GREENE: A lot of people in the community were furious at you for not playing that night.
ELGIN BAYLOR: Oh, absolutely. And then the next day, the media - you know, at the hotel, they were down in the lobby waiting for you to come down so they could, you know. It had to be quite a thing, yeah.
ELAINE BAYLOR: From the newspaper at that time, they said the big colored boy was more interested in eating than playing the game.
ELGIN BAYLOR: Can you believe that? (Laughter) Yeah.
GREENE: Elgin Baylor went on to play 14 years for the Lakers. He then spent some time as a coach and also as a broadcaster. He finished his career confronting racism again. He was working as general manager for the Los Angeles Clippers and its owner Donald Sterling. Sterling became infamous in 2014 when audiotapes revealing his racism went public.
(SOUNDBITE OF ARCHIVED RECORDING)
DONALD STERLING: Don't come to my games. Don't bring black people. Don't come.
V. STIVIANO: Do you know that you have a whole team that's black that plays for you?
STERLING: You just - do I don't? I support them, giving them food and clothes and cars and houses. Who gives it to them? Does someone else give it to them?
GREENE: So Donald Sterling was banned from the NBA for making those comments. But before all of that, Elgin Baylor worked alongside Sterling for 22 years through 2008. Even though he knew his boss was a racist, he stuck it out.
Do you have any regrets?
ELGIN BAYLOR: Well, now, if you think about it, yeah (laughter). I have regrets working with Donald. But think about it, you know, you're married, you have family and things like that. So you have to have a job.
GREENE: I was really struck by what you said about Charleston. And one reason you sat out in that game so many years ago was you were not a circus animal. And Donald Sterling has sort of been seen as that, I mean, treating black players like circus animals. And he's made comments that really suggest that, and, you know, it hurt a lot of people.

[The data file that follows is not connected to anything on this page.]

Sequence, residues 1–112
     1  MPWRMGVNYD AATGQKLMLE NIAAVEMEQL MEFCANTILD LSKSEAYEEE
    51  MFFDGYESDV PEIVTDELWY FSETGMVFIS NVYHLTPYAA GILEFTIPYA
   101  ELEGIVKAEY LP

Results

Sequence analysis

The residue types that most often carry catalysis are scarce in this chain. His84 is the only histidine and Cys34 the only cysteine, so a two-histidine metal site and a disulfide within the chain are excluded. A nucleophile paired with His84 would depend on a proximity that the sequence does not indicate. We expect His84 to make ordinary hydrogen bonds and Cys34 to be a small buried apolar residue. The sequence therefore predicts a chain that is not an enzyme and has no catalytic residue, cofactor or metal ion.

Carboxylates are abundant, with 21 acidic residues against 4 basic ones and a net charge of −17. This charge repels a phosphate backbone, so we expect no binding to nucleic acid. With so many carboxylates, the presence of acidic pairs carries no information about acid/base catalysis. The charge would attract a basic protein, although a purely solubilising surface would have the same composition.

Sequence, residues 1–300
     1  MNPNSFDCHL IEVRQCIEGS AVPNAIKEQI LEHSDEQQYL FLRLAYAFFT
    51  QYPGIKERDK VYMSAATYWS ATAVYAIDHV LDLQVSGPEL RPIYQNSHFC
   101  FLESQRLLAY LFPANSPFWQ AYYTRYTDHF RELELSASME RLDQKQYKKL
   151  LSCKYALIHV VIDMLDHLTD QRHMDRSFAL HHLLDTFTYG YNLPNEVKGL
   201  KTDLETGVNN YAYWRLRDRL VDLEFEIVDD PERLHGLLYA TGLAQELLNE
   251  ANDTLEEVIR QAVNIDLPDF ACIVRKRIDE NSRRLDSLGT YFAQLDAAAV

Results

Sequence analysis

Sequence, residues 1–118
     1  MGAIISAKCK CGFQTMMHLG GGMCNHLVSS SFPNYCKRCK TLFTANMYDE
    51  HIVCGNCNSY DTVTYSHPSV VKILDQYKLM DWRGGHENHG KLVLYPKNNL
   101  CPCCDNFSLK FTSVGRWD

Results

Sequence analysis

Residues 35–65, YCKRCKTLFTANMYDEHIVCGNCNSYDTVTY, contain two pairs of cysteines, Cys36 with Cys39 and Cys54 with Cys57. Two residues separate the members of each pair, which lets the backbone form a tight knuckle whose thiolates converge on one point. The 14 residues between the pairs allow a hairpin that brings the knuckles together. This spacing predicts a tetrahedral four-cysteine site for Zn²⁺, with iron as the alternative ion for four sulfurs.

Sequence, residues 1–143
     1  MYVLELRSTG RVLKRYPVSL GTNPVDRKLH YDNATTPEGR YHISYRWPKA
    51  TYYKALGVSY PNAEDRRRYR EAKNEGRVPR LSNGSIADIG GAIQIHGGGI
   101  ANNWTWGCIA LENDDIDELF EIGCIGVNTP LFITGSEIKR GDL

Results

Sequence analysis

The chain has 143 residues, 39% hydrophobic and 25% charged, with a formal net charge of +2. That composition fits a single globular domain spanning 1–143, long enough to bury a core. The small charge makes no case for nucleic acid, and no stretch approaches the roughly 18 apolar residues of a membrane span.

ELGIN BAYLOR: Donald, you know, I just - I tried to stay away from it as much as I could because, you know, it's always something negative when you would walk in and talk to him. Even with the players, he was telling me how bad this player was. And he didn't know a damn thing about basketball. And certain players, he didn't want to pay them that kind of money.
GREENE: And he would say because of their race. I mean, he would be open about that.
ELGIN BAYLOR: Racism - because he said he'd rather have black players than white players.
ELAINE BAYLOR: Plantation mentality.
ELGIN BAYLOR: Yeah. But I said, you know, we can't. You know, you're trying to get the best players you can. I don't care what color they are.
GREENE: When you said he had a plantation mentality and you told him that, what did you mean by that?
ELGIN BAYLOR: I'm calling him a racist. But, you know, he didn't care.
GREENE: But if you faced this today, given that so many athletes and people in sports are now publicly protesting, do you think you might have felt more empowered today to quit and say, you know, I'm just not going to work for a racist?
ELGIN BAYLOR: Of course. Yeah, I would think so.
GREENE: Elgin Baylor likes to keep the focus on his playing days, and so apparently do the LA Lakers. They have honored him with a statue outside the Staples Center, where the Lakers play. He's right alongside Shaq and Magic and Kareem Abdul Jabbar. The statue was unveiled in April.
(SOUNDBITE OF ARCHIVED RECORDING)
UNIDENTIFIED SPORTSCASTER #5: Here's Elgin Baylor driving the baseline on the left side, getting by Russell, and then the ball comes out.
GREENE: Elgin Baylor's new book is called "Hang Time."
NPR transcripts are created on a rush deadline by Verb8tm, Inc., an NPR contractor, and produced using a proprietary transcription process developed with NPR. This text may not be in its final form and may be updated or revised in the future. Accuracy and availability may vary. The authoritative record of NPR’s programming is the audio record.